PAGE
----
TEHDAS establishes European guidelines for data partnerships
Partnerships are a way for European organisations to collaborate in the field of data. TEHDAS has made recommendations for setting up cross-border collaboration between organisations wishing to share and use data for everyone’s benefit.
The recent report of the joint action Towards the European Health Data Space (TEHDAS) proposes guidelines for establishing cross-border partnerships for sharing health data for secondary purposes, such as research and policymaking. These partnerships will likely increase as the EU aims to accelerate the secondary use of health data with the forthcoming European health data space.
The report identifies six main steps for establishing bilateral or multilateral partnerships, ranging from initiating and framing a partnership to specifying resources and funding, legal work, and finally defining information activities to promote the results of the partnership.
EU countries face similar challenges from health threats and chronic diseases that could be more efficiently solved by using the full capacity of the European research community. Cross-border partnerships are a step towards deepening co-operation in European data sharing.
As an example of these types of partnerships, is the Memorandum of Understanding between the Finnish Findata and French Health Data Hub.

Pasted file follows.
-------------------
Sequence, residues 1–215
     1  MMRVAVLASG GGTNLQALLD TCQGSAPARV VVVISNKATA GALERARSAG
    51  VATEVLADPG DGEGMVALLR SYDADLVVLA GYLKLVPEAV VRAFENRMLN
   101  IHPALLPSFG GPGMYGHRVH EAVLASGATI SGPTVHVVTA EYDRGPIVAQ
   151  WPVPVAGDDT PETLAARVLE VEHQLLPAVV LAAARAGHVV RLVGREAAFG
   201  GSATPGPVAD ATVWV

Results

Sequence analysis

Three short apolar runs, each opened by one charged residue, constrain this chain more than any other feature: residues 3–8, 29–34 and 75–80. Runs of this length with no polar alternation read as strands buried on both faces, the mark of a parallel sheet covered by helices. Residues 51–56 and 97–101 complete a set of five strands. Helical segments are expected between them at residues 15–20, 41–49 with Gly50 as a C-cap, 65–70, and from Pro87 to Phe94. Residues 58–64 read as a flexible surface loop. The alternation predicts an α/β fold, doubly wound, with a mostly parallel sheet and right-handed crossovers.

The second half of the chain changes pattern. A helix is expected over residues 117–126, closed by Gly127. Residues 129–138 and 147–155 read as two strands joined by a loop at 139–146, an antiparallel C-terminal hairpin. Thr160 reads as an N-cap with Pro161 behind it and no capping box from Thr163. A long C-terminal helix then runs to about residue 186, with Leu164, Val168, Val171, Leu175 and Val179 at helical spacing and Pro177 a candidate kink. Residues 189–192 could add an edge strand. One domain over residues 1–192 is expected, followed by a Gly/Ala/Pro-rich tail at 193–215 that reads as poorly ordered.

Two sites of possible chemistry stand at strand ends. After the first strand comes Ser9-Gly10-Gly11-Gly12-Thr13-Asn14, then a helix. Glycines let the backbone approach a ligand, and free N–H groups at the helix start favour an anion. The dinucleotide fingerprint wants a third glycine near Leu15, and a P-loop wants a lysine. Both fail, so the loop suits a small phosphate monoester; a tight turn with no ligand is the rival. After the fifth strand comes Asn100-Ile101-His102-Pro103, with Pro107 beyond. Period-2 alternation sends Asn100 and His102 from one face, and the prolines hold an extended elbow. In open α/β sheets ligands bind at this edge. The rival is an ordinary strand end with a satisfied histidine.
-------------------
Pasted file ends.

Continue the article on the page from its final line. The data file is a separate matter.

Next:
Large-scale European collaborations in data sharing ensure there is an adequate amount of good quality data for research, to decrease the risk of bias in data, create new potential for linking health and data from other fields, and to support the deployment of artificial intelligence for more timely and real time assessments.
Fostering co-operation in research and innovation contributes to increasing Europe’s competitive advantage and international resilience and impact.
The document also touches upon the main obstacles in establishing a cross-border partnership, such as differing interpretations of law in member states, insufficient funding, and data security. TEHDAS has previously suggested options to overcome common barriers to data sharing.
The list of authors in the report was updated on 5 April.